Monday, August 09, 2010

Butt in Chair--How I Fight for It and Win

I didn't realize how good I had it when pursuing my Vermont College MFA. Back then, there was no need to fight for my butt in chair time. I wrote for hours at a time, often immersing myself so far into my story that I learned to set the alarm so I didn't forget to pick up my girls from school.

These days, I consider it a good day if I write two pages. Yep, you read it right. I do a happy dance after writing two pages. I learned the practice from my third semester VC advisor Jane Resh Thomas.

The day Jane recommended the concept, I remember thinking, "Two pages? That's all?" Now that VC is behind me, and life's "little" interruptions have crept into my writing time, I understand the wisdom of the practice.

1. Two pages a day is realistic and achievable. I can imagine sitting my butt in chair long enough to make it happen. I can envision getting up early enough in the morning to do it, or carving out writing time while waiting for E to finish her therapy. Expect a higher page count and the idea would overwhelm, making it much more difficult to find enough uninterrupted time to meet my quota.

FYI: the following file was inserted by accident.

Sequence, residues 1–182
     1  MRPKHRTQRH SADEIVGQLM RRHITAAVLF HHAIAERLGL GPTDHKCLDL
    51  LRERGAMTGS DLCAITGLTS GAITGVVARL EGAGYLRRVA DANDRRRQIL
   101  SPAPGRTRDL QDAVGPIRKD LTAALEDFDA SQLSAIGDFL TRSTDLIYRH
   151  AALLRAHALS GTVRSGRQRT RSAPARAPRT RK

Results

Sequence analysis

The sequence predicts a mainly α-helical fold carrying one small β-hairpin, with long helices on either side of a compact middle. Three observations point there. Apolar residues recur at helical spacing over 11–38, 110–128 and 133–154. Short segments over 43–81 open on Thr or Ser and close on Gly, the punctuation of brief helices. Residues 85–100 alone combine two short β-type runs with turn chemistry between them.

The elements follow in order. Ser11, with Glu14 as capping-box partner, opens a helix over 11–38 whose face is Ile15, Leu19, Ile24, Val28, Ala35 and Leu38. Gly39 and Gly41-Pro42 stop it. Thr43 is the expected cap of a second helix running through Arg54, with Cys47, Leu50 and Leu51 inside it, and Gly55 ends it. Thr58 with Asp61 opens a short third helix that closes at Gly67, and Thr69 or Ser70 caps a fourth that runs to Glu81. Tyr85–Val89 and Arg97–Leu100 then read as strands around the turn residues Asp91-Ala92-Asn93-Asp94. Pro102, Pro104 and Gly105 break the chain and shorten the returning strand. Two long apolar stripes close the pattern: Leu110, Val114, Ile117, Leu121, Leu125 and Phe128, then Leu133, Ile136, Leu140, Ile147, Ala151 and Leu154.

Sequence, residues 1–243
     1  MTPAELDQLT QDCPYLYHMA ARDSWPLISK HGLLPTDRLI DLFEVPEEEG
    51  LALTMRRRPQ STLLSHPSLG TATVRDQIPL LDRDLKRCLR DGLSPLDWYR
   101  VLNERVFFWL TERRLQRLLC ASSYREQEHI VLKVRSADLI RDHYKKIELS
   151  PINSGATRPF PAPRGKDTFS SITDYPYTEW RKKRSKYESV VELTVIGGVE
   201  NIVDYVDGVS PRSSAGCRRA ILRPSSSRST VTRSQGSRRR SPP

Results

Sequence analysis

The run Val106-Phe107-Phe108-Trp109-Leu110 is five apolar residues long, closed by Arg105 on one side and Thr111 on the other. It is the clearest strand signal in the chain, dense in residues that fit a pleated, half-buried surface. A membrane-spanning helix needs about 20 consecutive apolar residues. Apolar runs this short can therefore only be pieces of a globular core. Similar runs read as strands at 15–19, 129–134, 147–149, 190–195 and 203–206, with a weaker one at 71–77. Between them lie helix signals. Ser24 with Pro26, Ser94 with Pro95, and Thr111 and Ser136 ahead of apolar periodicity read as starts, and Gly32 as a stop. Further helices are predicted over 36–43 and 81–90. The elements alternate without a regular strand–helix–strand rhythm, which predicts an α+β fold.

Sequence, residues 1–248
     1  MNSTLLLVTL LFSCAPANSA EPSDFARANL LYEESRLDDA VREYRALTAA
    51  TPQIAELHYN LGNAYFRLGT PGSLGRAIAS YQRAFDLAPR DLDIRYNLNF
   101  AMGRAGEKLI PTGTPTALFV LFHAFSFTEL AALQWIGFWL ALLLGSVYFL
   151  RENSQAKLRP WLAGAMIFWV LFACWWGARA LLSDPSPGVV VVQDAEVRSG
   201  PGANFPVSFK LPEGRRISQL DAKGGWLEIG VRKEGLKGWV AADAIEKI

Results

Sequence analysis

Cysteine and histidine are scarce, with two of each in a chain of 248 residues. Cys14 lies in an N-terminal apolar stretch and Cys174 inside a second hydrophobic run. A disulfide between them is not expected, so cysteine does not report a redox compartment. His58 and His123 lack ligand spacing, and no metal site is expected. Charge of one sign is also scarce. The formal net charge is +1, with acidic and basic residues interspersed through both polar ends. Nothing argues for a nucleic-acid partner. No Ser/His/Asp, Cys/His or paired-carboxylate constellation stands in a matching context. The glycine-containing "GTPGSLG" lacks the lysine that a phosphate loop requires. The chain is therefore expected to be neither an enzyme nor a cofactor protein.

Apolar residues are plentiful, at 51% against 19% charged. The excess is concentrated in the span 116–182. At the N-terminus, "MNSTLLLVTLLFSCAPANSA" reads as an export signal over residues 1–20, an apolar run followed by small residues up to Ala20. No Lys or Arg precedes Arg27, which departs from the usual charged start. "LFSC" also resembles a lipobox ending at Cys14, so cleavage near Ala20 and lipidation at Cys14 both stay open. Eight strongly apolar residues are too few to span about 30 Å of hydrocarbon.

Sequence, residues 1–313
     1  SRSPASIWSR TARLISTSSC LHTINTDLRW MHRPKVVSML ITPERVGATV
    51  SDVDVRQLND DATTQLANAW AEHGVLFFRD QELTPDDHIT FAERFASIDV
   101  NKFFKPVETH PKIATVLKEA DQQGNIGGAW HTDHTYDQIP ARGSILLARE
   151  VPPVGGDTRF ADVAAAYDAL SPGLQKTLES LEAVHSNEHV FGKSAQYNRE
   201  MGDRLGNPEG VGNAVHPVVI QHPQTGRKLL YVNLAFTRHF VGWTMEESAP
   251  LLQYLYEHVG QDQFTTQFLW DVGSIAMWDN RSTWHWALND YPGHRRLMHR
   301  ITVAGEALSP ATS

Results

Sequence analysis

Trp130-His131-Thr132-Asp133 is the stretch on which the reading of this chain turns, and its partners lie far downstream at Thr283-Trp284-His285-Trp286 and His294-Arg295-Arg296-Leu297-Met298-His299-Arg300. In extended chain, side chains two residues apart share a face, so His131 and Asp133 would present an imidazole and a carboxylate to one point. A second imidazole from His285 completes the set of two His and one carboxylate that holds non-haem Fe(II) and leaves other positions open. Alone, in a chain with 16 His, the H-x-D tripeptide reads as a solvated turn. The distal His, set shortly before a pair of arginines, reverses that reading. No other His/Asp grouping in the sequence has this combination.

2. Two pages is just far enough into my story to keep my characters close to the surface so that when I sit butt in chair for the day, they're ready to work and play. Stay away too long, and they're less cooperative and often crabby. Another incentive to write each day.

2. Two pages a day isn't gridlock. Or giving up. It's forward progress. And it's measurable. Think about it. Two pages times 30 days is 60 some pages in a month. Sixty pages times six months is a children's novel! My life is filled with things I can't control. My two pages a day quota is one area I can affect. Seeing forward progress is a huge incentive to schedule butt in chair time daily.

3. Two pages a day feeds my muse and muzzles the mugwump, making me a happier and more effective mom, wife, advocate, health care manager, cook, chauffeur, etc.

4. Two pages is the target, but it's not written in stone. If I write more that day, I celebrate. If I write less--or nothing at all--I don't beat myself up. It's part of the process.

The goal is to keep moving forward. As long as I keep an eye on the horizon and never stray far from my chair, I'm honoring my story and myself two pages a day.

No comments: